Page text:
C. Marcos, A. Allepuz

Universidad de Alicante (SPAIN)
The development of new computer tools has greatly affected architectural language itself introducing a change within the history of a millenary discipline that could be easily paralleled to the discovery of linear perspective during the Renaissance. However, architectural drawing has not been affected in the same way –disregarding 3D modeling and computer renders-; that is to say, not the obvious revolution borne from the extraordinary capacity to work on a virtual three dimensional space and the possibility to anticipate the hyper-realistic final outlook of an architectural design but an equivalent key turn in 2D architectural drawing. In fact, architectural plans look quite the same now as they did before the advent of computer drawing tools.

Our reflections here are based on the following questions that could be understood as starting hypothesis: Should architectural drawing disregard the theme of representation? Can an anthropicly transformed territory, a technologically advanced building or a changing cityscape be depicted or represented likewise? Is it possible to develop different graphic narratives to acquire connotative, evocative and reference values that may highlight the architectural qualities of every particular architectural project in a customized way according to their specific values? And last, but not least, can different drawing techniques and graphic resources generate design strategies?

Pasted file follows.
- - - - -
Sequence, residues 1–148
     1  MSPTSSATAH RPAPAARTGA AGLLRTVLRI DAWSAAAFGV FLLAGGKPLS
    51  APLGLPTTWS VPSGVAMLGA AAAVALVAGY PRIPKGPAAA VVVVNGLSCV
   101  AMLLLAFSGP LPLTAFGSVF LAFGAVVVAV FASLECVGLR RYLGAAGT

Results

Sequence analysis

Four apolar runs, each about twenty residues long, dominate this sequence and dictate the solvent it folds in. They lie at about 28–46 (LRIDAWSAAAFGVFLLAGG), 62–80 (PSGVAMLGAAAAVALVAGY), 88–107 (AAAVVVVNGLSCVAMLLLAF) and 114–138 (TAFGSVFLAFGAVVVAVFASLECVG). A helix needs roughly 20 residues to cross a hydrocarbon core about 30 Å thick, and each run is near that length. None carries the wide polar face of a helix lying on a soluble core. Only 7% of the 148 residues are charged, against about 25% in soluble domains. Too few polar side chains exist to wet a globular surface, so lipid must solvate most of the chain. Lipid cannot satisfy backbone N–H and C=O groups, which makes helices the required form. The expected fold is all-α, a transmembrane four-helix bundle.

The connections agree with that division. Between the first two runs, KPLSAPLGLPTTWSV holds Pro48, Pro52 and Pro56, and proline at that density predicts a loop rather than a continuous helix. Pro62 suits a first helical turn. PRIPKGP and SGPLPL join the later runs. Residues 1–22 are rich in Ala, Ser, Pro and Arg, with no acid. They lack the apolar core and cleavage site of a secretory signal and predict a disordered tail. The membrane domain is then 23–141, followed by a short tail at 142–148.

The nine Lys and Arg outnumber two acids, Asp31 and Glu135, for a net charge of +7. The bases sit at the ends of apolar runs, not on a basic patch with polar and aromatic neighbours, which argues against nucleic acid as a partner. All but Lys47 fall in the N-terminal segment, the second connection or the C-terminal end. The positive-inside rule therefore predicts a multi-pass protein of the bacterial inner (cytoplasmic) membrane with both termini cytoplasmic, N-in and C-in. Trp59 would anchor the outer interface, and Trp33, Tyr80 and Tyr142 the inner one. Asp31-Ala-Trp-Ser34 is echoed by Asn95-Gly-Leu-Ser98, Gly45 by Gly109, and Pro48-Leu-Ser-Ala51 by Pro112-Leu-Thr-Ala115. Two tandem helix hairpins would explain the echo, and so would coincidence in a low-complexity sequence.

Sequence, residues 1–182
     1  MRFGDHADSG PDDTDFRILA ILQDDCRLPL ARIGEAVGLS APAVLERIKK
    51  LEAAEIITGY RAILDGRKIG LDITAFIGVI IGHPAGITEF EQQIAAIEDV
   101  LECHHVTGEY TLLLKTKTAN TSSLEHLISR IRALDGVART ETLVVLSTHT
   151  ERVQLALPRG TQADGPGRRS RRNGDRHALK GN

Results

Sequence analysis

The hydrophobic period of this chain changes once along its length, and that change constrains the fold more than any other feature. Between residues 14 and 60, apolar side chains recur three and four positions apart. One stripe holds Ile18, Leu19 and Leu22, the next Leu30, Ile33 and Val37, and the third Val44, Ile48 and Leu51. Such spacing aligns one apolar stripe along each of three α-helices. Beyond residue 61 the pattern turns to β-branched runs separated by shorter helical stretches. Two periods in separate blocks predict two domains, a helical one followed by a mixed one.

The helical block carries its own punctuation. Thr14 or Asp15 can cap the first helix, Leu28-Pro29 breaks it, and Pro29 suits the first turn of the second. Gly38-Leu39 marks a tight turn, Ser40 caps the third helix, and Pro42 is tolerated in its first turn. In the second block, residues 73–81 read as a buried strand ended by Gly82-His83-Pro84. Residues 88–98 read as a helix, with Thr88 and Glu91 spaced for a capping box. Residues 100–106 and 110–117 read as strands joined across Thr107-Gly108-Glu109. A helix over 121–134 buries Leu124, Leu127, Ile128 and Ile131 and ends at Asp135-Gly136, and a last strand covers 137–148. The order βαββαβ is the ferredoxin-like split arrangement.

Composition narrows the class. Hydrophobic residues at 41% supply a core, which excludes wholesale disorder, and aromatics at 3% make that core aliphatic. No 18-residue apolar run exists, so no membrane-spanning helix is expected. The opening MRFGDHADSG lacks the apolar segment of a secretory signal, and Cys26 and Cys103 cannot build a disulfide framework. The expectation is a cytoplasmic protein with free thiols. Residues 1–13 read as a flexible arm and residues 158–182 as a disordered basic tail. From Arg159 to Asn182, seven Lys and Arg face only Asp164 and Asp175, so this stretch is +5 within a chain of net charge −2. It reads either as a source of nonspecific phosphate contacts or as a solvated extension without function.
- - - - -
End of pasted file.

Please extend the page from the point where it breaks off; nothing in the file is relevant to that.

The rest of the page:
This paper discusses how architects may need to transform conventional modes of representation according to the content they want to convey. This is not only to explore the design strategy as a result of the graphic process developed throughout the project or the different graphic narratives used but also to reflect on the search for a specific mode of drawing. Each project should have its own way to be drawn. The final graphic results, however neat they may be, are not the main goal of this research; it is more a question of specific drawings for specific jobs, on the one hand, and the record of the graphic process as a design strategy, on the other.

This research also arises from the assumption that we must first accept that the work of architecture can be transmitted through drawings, without abandoning the usual graphic codes can, but enriching them through their processing or simple selection, making more effective graphic communication in order to evidence the qualities of the building as opposed to others that may be relegated, nuanced or denied. The use of diagrams, photocollages or analytical drawings may well serve as different notations of graphic thoughts. Finally, our field of study is focused on a series of drawings produced during the diploma year of the degree in architecture at the University of Alicante.